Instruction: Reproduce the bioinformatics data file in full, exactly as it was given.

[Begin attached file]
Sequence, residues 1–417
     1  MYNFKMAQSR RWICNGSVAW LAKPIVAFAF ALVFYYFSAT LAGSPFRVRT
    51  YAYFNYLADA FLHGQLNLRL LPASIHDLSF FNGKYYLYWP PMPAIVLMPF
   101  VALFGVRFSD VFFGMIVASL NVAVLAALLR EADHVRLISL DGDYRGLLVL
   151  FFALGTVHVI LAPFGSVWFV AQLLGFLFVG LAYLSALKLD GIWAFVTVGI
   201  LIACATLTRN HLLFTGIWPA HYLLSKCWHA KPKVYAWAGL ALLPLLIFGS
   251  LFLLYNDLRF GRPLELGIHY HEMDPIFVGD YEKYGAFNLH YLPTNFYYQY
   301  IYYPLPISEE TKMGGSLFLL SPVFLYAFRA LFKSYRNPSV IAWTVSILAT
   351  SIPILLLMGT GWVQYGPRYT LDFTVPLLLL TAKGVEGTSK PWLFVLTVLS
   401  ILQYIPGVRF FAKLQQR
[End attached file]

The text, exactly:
Sequence, residues 1–417
     1  MYNFKMAQSR RWICNGSVAW LAKPIVAFAF ALVFYYFSAT LAGSPFRVRT
    51  YAYFNYLADA FLHGQLNLRL LPASIHDLSF FNGKYYLYWP PMPAIVLMPF
   101  VALFGVRFSD VFFGMIVASL NVAVLAALLR EADHVRLISL DGDYRGLLVL
   151  FFALGTVHVI LAPFGSVWFV AQLLGFLFVG LAYLSALKLD GIWAFVTVGI
   201  LIACATLTRN HLLFTGIWPA HYLLSKCWHA KPKVYAWAGL ALLPLLIFGS
   251  LFLLYNDLRF GRPLELGIHY HEMDPIFVGD YEKYGAFNLH YLPTNFYYQY
   301  IYYPLPISEE TKMGGSLFLL SPVFLYAFRA LFKSYRNPSV IAWTVSILAT
   351  SIPILLLMGT GWVQYGPRYT LDFTVPLLLL TAKGVEGTSK PWLFVLTVLS
   401  ILQYIPGVRF FAKLQQR